Who Profits From Rail Transit

Rick Hamada
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Wednesday - July 02, 2008

If you’re fatigued by the conversation regarding the proposed rail transit system for Honolulu, get used to it. This is only the beginning.

We are entering the finger-pointing phase of the debate. This is where both sides of the issue will tell us the other guy is completely and absolutely dead wrong. The anti-rail people will tell you the pro-rail people are lying and the pro-rail people will tell you the anti-rail people are lying. And here we are in the middle trying to make heads or tails of what really is best for our town and who really is telling the truth.

I have made it no secret that I am not a supporter of the rail transit project. The fundamental reasons are cost and the admitted lack of roadway congestion relief. I am a proponent of fully vetting any and all alternatives before we commit to several billions of dollars for construction and maintenance of a project that clearly does not have the consensus of our community.

At the risk of repeating myself, I believe a full consideration of the following is necessary:

* The promise of Kapolei, the Second City, fulfilled.
* The decentralization of state and city jobs from metro Honolulu.
* The substantial relocation of classes and students from UHManoa to UH-West Oahu.
* The interconnectivity between the Department of Motor Vehicles, Honolulu Police Department and insurance companies to remove uninsured motorists from the roads.
* The precise and thorough analysis of public and private school schedules relating to peak-hour traffic.
* The public and widely disseminated information of alternative traffic solutions such as signal modifications, left-turn analyses and underpass construction.

Despite the desire to have these issues explored as vigorously as the rail project has been promoted, one has to question why there’s such vociferous support of rail. The simple reason is money. The sheer volume of cash is dizzying. Think about our county with a population of about 700,000 adults paying for a project estimated to cost $5 billion or more. This money will be paid to somebody. Clearly, this system will be a windfall for several individuals and organizations. A prime example is the $10,000 monthly check issued to former U.S. Department of Transportation secretary Norman Mineta for “consultant” work.

Nice gig, if you can get it. To give you an idea of the volume of cash, Parsons-Brinckerhoff, the primary paid consultant on the rail project, received a two-and-a-half-year, $86 million contract from the city. The estimated duration of the project is until 2017, when Mayor Hannemann would like to see the entire rail system up and running.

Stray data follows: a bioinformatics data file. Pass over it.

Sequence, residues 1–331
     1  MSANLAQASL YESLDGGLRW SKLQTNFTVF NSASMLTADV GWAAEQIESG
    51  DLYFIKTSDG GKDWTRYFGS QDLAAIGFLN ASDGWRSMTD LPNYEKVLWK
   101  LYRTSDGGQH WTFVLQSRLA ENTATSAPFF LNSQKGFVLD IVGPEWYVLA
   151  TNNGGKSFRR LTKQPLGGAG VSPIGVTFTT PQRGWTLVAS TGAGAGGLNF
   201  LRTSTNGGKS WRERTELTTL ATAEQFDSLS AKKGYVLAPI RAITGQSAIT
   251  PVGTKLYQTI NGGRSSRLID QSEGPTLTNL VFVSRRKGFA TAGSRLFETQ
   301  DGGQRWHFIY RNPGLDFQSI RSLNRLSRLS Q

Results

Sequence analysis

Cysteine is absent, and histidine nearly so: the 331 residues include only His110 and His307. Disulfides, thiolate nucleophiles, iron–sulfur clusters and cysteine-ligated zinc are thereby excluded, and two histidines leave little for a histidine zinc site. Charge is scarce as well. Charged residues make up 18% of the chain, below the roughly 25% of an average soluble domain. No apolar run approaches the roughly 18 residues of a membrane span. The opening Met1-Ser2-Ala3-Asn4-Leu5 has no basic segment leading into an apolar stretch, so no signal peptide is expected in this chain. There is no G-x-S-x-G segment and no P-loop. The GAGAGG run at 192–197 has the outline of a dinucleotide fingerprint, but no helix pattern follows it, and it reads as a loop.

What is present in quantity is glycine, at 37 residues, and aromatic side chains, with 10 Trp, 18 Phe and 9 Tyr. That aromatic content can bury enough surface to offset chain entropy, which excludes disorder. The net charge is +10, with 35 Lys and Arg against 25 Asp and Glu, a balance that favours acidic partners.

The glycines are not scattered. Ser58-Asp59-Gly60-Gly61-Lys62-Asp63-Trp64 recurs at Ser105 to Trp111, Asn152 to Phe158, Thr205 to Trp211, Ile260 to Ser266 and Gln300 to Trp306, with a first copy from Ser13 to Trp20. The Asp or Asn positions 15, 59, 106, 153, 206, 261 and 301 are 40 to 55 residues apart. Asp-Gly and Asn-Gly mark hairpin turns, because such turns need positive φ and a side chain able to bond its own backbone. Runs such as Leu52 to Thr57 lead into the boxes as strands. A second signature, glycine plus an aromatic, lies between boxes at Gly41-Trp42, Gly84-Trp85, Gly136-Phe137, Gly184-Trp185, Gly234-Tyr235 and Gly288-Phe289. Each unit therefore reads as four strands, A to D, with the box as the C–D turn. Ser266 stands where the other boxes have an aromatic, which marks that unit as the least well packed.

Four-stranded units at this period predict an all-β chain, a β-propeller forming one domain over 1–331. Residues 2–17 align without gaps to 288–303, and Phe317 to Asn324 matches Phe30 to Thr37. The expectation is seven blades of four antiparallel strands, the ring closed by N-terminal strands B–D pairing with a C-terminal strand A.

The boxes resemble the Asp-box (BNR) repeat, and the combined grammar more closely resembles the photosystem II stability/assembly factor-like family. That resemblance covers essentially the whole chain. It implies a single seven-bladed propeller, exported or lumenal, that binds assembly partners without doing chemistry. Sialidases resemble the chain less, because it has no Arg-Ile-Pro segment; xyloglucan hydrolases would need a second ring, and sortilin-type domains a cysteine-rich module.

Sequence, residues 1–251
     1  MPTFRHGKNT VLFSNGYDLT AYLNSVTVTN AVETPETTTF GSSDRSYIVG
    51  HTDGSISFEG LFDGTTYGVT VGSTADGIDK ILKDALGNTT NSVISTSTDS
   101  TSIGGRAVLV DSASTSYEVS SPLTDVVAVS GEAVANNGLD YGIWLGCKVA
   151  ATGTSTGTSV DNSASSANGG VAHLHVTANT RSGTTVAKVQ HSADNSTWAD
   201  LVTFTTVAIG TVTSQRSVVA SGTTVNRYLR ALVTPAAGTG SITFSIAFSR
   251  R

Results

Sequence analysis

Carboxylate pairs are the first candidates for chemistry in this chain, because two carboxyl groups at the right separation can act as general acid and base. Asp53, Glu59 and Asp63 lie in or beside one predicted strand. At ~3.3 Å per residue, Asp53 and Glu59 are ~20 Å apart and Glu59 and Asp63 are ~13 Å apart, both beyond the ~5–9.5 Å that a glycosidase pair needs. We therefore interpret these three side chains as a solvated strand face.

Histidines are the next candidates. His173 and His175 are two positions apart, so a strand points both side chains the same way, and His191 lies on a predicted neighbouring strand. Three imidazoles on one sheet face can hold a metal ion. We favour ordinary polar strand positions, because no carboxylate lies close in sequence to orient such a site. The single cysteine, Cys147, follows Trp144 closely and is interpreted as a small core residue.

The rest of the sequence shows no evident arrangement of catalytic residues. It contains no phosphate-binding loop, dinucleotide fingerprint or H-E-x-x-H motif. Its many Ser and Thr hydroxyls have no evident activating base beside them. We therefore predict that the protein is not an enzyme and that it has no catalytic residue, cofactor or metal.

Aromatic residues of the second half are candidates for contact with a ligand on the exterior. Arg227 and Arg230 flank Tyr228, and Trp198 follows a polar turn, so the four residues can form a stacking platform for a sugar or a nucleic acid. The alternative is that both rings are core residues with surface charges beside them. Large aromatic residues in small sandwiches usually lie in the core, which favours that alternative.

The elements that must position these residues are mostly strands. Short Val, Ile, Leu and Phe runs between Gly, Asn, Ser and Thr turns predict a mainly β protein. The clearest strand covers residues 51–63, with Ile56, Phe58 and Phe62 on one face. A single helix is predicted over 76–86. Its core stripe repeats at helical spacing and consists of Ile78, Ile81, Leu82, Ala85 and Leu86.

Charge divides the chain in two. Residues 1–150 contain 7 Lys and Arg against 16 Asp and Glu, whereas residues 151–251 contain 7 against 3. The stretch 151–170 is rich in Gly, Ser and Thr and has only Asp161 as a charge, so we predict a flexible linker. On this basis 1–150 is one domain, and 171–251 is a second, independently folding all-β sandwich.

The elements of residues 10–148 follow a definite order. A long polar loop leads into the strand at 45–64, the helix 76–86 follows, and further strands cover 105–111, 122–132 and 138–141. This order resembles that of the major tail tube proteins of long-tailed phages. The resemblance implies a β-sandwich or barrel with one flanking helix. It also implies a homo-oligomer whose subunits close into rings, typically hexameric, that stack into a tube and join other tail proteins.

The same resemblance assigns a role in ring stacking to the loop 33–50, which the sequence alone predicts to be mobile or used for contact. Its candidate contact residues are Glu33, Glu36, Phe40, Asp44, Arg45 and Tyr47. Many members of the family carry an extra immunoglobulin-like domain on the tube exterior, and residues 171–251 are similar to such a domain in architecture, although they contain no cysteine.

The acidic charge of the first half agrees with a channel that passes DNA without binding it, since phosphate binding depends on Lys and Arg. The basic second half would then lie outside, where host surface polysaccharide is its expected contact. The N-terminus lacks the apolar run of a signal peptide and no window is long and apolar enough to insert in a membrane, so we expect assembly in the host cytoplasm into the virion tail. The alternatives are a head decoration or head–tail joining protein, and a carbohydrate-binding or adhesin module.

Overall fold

This is just one short-term contract with one consultant. How many other contracts will there be over the next decade, and at what cost? The city is promising economic benefit with the rail project. According to published reports, an estimated 9,100 jobs will be created, funded with billions of dollars. However, this economic growth is not based on the creation of wealth; rather, it is the re-distribution of wealth. It was reported some months ago in one of the daily papers that “the economic impact of the construction jobs will be created by essentially transferring revenues from households to construction.” I agree.

I am a supporter of common-sense traffic solutions. I believe there are other strategies we can employ that will achieve what should be our No. 1 objective: reducing congestion on our roads.

Regardless of your position on this issue, it is obvious that rail is not a done deal. The Stop Rail Now ballot initiative is alive and well, the federal government has yet to perform a cost/benefit analysis based on a required Environmental Impact Statement, and future elections may change the complexion of pro-rail elected officials.

Perhaps in order to cut through the cacophony there should be an independent assessment from a disinterested third party to give us unbiased and truly objective transportation recommendations. If we throw that ingredient into the mix, maybe we will be on the right track to finding a real solution to our traffic woes.

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